Esquire is a fine dining food experience that challenges all of your senses. From the exciting menu right through to the woodfire smoke aroma (carried around by wait staff) that wafts around the room. The décor is vaguely Nordic in style, contemporary but warm with soft lighting and beautiful views of the Brisbane Story Bridge.
So much of a wonderful dining experience hinges on professional and friendly wait staff and Esquire has assembled a team they should be proud of. They move around the tables delivering and explaining dishes like a team of skilled artisans. It’s gently theatrical despite the very occasional head bump of the low hanging pendant lights.
You have two choices, the short or the long menu. We choose the long menu. Both menus start with six amuse bouches. Six, I hear you say? The wait staff gave a warning they’d be delivering them at rapid fire and they did. It’s almost like an assault on the senses. I would have preferred them come out a little slower but Al loved the fact you were bombarded with little morsels of tasty treats so beautifully presented.
- Kettle chips and truffle cream
- Jerusalem artichoke chips and parsley cream
- Kim Chi and air dried beef
- Scallop Nigiri
- Ike Jime Coral Trout
- Blue Mackerel
Next to arrive was Blue Swimmer Crab and Macadamia with a malt crumb. Sweet, sweet crab married with such delicate flavours. This one was a winner. Keeping with the seafood theme, we enjoyed Squid with English peas and lemon. Again delicate flavours and melt in the mouth squid.
One of our lovely waitresses, Jess, then appeared at the table with a soda fountain filled with the most delicious Pink Lady Apple soda as a palate cleanser, which she foamed into glasses.
The richest dish of the night followed our soda. Truffle, Barley with grated Itchi Bai (hard ewes cheese). This dish vaguely resembled a truffle risotto. It had a dark earthy flavour that was comforting but extremely rich.
The menu doesn’t give a lot of explanation about what to expect on the plate and for me that was really exciting. The menu expressed the flavours you’ll experience but it’s a super surprise when the dish actually appears in front of you. None more so, then the simply named Bone Marrow and Bread. Delivered by four waiters, each holding the ends of two large pieces of thin black cardboard, it’s unrolled between each couple to reveal a hearty bone and fresh bread.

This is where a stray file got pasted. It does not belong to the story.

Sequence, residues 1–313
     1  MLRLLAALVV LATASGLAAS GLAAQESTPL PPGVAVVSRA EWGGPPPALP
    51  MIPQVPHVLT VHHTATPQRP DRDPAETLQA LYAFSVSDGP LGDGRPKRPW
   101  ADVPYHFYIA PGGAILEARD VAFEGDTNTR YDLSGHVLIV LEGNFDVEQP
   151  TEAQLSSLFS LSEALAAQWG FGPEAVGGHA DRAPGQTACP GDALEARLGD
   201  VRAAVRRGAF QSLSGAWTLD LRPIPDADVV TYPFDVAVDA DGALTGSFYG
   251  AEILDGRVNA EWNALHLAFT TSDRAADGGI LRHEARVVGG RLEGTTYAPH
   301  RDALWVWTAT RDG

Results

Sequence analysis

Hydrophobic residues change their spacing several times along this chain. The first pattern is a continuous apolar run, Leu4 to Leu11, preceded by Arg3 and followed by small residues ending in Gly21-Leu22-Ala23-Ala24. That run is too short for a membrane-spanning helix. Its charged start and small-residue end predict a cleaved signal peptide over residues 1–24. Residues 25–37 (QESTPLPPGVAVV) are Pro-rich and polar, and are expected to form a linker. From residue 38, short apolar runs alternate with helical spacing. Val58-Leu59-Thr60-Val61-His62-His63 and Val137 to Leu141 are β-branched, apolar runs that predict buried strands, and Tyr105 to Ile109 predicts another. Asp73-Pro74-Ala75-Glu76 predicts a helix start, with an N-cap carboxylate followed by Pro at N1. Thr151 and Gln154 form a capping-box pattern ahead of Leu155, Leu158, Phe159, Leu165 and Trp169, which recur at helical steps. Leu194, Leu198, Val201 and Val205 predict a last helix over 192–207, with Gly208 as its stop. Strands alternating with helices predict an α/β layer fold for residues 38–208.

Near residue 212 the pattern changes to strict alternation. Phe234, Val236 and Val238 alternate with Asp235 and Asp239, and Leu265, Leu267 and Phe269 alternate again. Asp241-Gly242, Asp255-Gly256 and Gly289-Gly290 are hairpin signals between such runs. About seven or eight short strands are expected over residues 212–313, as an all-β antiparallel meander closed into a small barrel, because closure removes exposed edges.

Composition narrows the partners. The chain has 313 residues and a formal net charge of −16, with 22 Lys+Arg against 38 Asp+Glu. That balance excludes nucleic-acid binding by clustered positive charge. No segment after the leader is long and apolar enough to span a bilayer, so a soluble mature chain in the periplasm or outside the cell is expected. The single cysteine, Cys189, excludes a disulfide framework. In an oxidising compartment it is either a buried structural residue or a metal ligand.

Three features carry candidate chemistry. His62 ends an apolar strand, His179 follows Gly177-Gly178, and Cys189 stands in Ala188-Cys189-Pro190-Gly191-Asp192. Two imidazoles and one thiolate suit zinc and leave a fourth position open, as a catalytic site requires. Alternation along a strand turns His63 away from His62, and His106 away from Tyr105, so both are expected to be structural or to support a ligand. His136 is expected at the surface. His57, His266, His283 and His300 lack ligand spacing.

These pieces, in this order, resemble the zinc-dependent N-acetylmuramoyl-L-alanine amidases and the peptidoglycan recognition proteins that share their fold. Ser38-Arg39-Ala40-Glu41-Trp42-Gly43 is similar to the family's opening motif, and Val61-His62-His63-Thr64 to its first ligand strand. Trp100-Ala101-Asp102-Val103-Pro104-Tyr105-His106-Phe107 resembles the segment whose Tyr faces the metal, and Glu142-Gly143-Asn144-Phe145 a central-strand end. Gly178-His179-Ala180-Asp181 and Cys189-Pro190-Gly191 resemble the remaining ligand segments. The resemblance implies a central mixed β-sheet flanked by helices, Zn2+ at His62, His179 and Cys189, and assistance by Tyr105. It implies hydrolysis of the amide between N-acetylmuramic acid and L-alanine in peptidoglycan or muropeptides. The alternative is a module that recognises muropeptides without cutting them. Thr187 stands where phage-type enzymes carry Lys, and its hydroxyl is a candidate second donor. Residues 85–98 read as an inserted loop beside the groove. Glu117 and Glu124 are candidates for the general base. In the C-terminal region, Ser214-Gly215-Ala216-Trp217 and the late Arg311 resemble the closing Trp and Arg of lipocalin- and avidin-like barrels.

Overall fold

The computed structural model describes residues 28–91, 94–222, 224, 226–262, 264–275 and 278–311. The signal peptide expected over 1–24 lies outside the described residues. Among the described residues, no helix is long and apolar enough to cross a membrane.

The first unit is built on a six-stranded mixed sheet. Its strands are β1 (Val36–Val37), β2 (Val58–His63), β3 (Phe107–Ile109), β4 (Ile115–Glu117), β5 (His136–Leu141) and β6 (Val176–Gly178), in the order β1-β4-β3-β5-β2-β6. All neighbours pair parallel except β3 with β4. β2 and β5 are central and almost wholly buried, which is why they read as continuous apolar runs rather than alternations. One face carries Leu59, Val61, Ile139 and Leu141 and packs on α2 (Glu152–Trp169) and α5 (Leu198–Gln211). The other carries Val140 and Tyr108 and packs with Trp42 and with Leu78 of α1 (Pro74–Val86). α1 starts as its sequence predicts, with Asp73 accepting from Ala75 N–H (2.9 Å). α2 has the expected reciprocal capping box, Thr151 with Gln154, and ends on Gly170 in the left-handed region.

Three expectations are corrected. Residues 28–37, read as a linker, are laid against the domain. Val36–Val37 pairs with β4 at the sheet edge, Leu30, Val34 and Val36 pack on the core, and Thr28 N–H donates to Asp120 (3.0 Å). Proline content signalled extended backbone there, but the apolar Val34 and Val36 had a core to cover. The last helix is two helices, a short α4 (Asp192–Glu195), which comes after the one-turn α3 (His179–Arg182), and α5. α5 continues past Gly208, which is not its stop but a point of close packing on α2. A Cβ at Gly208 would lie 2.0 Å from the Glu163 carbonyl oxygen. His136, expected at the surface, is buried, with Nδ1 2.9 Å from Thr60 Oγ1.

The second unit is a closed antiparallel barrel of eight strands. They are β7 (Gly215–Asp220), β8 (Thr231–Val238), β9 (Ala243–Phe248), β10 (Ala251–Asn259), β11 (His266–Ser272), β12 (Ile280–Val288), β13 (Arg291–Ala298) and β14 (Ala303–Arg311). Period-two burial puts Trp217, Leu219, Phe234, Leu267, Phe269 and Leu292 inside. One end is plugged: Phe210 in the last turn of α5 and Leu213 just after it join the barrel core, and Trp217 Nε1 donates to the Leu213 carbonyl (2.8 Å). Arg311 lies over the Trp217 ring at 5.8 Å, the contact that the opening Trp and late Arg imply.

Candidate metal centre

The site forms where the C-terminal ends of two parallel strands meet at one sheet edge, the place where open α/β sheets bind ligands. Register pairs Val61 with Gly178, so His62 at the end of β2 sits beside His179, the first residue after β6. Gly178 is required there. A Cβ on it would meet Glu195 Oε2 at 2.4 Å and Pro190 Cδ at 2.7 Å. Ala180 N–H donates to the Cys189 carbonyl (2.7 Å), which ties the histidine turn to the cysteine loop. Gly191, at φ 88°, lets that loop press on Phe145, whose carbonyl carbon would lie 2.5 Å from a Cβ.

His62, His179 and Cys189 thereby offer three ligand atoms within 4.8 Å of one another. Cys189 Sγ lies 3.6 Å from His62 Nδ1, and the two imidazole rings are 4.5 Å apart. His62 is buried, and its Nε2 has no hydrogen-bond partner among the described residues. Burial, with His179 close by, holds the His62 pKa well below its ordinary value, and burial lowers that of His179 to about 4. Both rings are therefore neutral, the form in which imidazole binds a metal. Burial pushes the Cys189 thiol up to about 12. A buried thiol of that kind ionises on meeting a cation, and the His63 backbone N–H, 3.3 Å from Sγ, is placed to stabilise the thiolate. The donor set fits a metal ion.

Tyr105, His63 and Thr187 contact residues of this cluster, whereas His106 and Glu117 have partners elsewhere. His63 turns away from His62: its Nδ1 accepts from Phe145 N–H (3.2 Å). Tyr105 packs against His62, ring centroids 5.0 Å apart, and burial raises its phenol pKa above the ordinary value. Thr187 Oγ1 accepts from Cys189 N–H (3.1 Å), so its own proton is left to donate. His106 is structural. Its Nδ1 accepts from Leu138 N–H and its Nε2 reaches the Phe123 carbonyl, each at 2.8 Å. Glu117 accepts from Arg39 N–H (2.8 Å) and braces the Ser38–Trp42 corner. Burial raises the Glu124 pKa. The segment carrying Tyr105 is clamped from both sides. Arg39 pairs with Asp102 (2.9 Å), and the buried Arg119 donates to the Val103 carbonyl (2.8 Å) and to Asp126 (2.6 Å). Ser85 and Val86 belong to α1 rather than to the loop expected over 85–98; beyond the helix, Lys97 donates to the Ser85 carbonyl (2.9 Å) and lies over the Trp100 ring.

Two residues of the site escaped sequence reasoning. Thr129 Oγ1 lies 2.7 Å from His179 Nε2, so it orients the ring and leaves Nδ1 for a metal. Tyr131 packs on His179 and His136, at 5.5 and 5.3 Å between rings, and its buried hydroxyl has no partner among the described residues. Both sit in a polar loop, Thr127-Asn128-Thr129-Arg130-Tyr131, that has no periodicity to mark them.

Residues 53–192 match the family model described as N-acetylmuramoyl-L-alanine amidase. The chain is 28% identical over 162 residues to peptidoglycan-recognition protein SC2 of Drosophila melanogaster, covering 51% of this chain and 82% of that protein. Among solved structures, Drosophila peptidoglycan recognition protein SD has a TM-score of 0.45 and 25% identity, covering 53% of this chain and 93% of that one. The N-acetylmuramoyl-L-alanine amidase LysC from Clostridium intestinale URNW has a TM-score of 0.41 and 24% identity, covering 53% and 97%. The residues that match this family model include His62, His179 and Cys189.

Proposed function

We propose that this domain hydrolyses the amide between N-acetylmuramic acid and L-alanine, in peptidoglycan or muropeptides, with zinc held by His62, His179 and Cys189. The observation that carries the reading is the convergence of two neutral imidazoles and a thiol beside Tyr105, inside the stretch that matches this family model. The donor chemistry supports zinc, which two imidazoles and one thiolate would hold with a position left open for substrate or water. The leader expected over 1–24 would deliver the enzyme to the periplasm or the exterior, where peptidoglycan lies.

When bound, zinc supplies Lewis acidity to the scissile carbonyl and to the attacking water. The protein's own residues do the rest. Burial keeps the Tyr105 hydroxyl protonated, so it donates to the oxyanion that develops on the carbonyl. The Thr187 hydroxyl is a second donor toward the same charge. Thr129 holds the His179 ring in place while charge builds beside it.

The bread is the hero. A small loaf of house-made organic sour dough and a full bone carved length-ways to reveal a soft bone marrow, topped with crunchy red onion. I’ve never eaten bone marrow and was pleasantly surprised. You dig into the soft marrow and spoon onto your bread. Simple and perfect.
Delicately cooked corned beef followed. This was accompanied by a Cavalo Nero emulsion with quark, a type of low-fat curd cheese. According to the menu, we expected Popcorn for the next course. What appeared was a clear glass bowl of grilled sweet corn parfait, popcorn crumb and tarragon. A dish that would sit comfortably as either savoury or sweet. According to Miss P, her favourite of the night.
Our last savoury dish of the night was Calotte, onion and juniper. The Calotte is the part of meat wrapped around the rib eye that butchers mostly discard. It had a delicious crusty exterior and was cooked rare, unfortunately mine was almost blue but Al, M and Miss P declared it a success. It was served with an onion jus and juniper oil with salt and vinegar cress.
I always read the dessert menu first, so I was looking forward to the final two courses.
- Pear, walnut and licorice
- Campari – orange, curds and whey
For me the pear, walnut and licorice wasn’t a complete success. I’m not a fan of the licorice flavour so this most certainly detracted from the beautifully poached pear and walnut foam. Waitress Jess described the next course as a ‘party in the mouth’ and it certainly was. This was my dish of the night. Curds and whey ice-cream, campari sherbet, and orange. It was a tingly, zingy taste sensation and a gorgeous way to finish what I thought was quite a rich degustation meal.
If you love trying new flavour combinations, then I think you’ll love Esquire. It’s innovative cooking and totally deserving of the three hats it recently received in the Brisbane Good Food Guide. The service is equally as impressive and the décor is sophisticated and warm making for a very memorable dining experience. It was also refreshing to not see a roasted or mashed potato in any of the courses (the potato only made one appearance as a Kettle chip, and yes, it was delicious!).
Lovers of wine won’t be disappointed. The small but impressive list has some interesting labels if you want to try something different. There are also plenty of ‘by glass’ choices and a substantial cocktail list.
At the end of the night it was lovely to chat with head chef, Ben Devlin who came to our table to give us our final taste treat of the night, Lamingtons. Apparently July 21st was National Lamington Day. Who knew? He had made little lamingtons, which turned out to be chocolate encasing cream and coated with coconut. Again, not at all what we expected. Ben was happy to share his time with us for a chat and graciously signed my menu.
The full Esquire experience isn’t a cheap night out but if you are looking for a ‘dining experience’, then I highly recommend it. If you want to sample innovative food, and are short on time, then try Esq. at the front of the restaurant, open for lunch.
Finally, just want to make special mention about the dinnerware. It was probably the most beautiful I have eaten from. Heavy and organic in shape, it came in several different muted colours. It was sensual to the touch and truly enhanced the dining experience.
Each of us left Esquire with a beautifully packaged Esquire chocolate sheaf and long-lasting food memories.
145 Eagle St, Brisbane